"No less a critic than C. S. Lewis has described the ravenous addiction that these magazines inspired; the same phenomenon has led me to call science fiction the only genuine consciousness-expanding drug." Arthur C. Clarke

My Top Five Science Fiction Authors #3: Arthur C. Clarke

Arthur C. Clarke contracted polio in 1962. His...

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Arthur C. Clarke, CBE (1917-2008), one of the “Big Three” science fiction authors (with Asimov and Heinlein), is most famous for his 2001: A Space Odyssey, written in conjunction with the Stanley Kubrick film.  Clarke, probably moreso than Asimov or Heinlein, contributed to science through papers as well as his fiction, and in the long run this may be the majority of his legacy.

2001: A Space Odyssey is one of the most important science fiction works of all time; many consider the film to be the best science fiction film ever made.  However, what is not widely known is that both the book and the screenplay were co-written between Clarke and Kubrick; Kubrick had a much larger hand in the book than is thought, but the idea is essentially Clarke’s.

Other of Clarke’s most famous novels are Rendezvous with Rama (1972), Childhood’s End (1953), and The Light of Other Days (2000).

As a predictor of the future, Clarke is seemingly unmatched among his colleagues.  While the idea of the geostationary satellite is not his, Clarke popularized the idea that they could be good communications relays.  He also published a book in 1962 called Profiles of the Future, which included a series of essays for various magazines in which he attempted to predict the near future as it pertained to science and scientific discovery.  While he, of course, got many things wrong, he was also correct in a good many areas, and the book has been updated and reprinted multiple times.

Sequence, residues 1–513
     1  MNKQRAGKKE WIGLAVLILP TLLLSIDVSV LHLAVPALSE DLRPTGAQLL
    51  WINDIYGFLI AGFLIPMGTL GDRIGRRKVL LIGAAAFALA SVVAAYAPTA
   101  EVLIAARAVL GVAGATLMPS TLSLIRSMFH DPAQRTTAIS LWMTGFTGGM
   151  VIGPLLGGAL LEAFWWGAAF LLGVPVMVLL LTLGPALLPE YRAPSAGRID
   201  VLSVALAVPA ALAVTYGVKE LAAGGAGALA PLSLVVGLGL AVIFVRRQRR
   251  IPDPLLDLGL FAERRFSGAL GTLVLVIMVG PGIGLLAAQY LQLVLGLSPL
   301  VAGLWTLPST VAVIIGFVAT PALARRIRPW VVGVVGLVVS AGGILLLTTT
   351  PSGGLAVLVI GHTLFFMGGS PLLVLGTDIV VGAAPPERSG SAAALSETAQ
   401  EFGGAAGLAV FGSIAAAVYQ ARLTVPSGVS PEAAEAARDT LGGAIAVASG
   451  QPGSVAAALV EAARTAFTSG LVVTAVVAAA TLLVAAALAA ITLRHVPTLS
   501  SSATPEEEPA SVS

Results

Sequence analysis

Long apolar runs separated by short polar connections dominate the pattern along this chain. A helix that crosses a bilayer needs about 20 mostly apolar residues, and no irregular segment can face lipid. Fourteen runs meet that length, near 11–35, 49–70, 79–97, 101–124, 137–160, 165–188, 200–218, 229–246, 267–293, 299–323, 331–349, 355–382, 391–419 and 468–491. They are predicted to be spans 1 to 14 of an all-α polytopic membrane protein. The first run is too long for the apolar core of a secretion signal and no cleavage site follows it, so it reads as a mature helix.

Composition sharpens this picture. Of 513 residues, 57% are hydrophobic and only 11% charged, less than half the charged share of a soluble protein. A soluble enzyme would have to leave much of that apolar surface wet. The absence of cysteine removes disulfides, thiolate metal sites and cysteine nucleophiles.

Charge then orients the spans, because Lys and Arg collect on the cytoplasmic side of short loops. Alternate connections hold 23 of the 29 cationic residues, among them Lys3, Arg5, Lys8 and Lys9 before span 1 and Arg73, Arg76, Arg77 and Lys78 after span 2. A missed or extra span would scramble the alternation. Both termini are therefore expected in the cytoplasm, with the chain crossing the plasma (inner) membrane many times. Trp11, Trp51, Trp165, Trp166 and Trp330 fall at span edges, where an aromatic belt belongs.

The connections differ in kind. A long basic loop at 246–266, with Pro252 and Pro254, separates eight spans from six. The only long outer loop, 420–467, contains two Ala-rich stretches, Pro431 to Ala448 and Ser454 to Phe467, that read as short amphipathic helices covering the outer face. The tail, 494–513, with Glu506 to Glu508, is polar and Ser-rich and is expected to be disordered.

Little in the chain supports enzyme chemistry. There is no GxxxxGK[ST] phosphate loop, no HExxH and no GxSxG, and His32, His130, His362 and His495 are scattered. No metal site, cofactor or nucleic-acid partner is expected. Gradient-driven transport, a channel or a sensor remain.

Clarke was named a Grand Master by the Science Fiction Writers of America in 1986 and in 1989 was made a Commander of the Order of the British Empire for his work in Sri Lanka, where he lived for the latter half of his life.

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